Oh, the blessed third stage of the butterfly. This is the stage I wish God would establish in the human life cycle. In this third stage the awkward, chubby, crawling flower dweller spins its way into a silk cocoon. The technical name is a chrysalis. In the human life cycle I would rename it a sanctuary. The caterpillar, wrapped up in its natural protection, spends weeks - sometimes months - hanging from a plant. From the outside looking in there appears to be little action in the insect's life. They appear to be having a good long rest. But on the inside transformation is under way.
As a human being I am not equipped with inborn silk-spindling abilities and I don't have the luxury of escaping from the world while my transformation is being completed. My changes - inside and out - happen in real time without a curtain or a cocoon to shield the world from my vulnerabilities.
Some days I long for the cocoon of the butterfly so that I could be protected from the world while God does a work on transformation on my life. I want to be wrapped up and tucked away while the painful, trying metamorphoses of my heart takes shape.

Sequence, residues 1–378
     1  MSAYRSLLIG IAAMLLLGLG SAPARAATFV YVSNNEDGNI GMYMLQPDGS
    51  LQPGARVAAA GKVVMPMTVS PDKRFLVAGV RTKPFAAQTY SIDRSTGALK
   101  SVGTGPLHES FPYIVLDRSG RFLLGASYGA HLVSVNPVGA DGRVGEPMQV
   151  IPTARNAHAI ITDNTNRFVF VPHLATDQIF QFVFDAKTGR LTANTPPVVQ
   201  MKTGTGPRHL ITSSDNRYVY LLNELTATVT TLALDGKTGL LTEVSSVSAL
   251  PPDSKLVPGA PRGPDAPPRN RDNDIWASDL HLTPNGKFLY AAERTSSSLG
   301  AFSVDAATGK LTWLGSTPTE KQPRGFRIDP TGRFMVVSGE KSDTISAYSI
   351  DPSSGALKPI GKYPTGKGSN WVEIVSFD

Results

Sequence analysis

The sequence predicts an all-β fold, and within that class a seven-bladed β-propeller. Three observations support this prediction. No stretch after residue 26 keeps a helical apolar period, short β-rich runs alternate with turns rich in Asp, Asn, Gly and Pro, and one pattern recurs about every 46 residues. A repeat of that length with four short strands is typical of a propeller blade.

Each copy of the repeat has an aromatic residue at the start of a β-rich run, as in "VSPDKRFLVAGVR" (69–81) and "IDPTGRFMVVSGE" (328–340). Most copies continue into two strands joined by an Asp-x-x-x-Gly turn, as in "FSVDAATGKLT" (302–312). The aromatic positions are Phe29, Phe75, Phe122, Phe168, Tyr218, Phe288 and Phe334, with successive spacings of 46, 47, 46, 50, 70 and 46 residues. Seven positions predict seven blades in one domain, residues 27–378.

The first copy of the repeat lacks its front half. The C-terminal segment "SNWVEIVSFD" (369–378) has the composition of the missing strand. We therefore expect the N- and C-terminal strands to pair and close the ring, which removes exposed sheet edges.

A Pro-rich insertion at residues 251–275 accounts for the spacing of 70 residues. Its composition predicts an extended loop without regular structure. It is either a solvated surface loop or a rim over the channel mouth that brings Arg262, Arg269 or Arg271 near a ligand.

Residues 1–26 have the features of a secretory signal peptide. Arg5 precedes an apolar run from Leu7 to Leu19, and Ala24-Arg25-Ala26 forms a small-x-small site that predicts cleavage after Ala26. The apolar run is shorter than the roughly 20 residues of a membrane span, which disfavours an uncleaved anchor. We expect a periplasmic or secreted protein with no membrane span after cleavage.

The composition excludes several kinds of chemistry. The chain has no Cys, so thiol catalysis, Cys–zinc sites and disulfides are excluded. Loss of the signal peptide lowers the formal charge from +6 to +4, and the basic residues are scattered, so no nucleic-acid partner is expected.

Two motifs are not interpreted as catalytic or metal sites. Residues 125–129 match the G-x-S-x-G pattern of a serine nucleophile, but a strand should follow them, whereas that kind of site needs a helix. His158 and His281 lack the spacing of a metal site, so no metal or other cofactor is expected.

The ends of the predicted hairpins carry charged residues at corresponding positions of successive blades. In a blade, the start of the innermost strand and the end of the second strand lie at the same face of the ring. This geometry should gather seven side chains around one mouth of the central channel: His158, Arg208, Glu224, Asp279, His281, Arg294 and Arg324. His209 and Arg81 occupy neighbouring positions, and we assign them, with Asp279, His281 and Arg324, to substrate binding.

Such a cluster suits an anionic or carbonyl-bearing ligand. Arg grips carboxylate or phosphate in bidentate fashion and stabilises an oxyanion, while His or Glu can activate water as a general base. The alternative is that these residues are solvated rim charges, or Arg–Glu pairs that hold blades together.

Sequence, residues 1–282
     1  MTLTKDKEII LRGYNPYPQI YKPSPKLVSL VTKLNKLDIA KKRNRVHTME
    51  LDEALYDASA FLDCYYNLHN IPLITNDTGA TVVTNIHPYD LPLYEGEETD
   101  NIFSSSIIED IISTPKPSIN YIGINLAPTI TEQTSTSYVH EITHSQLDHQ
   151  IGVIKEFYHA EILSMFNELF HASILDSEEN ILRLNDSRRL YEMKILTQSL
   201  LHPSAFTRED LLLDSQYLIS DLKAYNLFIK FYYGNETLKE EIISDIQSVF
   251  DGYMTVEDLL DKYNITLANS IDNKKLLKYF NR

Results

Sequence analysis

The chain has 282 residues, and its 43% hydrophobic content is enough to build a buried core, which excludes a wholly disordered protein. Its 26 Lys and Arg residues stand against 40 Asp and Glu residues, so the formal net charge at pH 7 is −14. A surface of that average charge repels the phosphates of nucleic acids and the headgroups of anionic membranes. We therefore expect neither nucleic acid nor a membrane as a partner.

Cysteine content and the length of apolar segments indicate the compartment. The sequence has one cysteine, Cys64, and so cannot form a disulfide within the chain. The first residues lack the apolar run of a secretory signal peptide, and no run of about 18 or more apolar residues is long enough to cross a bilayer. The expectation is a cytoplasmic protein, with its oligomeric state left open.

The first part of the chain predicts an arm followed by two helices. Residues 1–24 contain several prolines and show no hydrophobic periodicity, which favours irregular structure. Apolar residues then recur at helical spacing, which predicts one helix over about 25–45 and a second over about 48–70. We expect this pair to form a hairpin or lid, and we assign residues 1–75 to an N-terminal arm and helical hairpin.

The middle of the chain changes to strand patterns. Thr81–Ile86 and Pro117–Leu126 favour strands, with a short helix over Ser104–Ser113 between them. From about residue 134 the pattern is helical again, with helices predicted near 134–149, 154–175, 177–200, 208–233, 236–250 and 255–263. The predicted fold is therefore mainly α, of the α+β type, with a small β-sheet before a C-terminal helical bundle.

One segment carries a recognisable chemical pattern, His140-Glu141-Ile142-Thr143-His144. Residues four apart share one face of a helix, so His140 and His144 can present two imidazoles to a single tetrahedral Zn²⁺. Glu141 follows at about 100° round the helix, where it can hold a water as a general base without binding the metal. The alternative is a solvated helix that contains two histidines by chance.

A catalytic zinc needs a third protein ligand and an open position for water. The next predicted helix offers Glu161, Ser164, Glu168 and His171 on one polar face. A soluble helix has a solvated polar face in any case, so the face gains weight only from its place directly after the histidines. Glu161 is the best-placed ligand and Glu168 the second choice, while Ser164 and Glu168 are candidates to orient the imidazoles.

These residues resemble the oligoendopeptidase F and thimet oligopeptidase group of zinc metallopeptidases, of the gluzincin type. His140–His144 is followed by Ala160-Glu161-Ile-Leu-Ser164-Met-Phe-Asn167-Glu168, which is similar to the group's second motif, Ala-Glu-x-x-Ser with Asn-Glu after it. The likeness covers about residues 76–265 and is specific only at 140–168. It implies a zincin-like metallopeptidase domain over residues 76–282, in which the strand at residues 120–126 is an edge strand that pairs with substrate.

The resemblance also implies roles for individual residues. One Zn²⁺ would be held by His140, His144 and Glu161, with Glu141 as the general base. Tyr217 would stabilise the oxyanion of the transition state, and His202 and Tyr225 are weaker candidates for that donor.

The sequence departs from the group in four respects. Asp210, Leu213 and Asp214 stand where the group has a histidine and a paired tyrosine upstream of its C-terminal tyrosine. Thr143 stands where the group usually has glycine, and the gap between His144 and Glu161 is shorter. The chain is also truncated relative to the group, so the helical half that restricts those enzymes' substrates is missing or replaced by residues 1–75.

But I'm not a butterfly. The warts, quirks and flaws of my life and the challenges I face aren't being made new under the guise of a chrysalis. It is all happening in real time.
God has chosen not to comfort me in a cocoon but to comfort me while I'm out on the leaf, enduring the elements of rains and winds unprotected by a flimsy casing. God has chosen to use my vulnerabilities as a catalyst for my growth. God has given me trying circumstances that have played out visibly for the world to see in order that I may use them as a testimony to His faithfulness.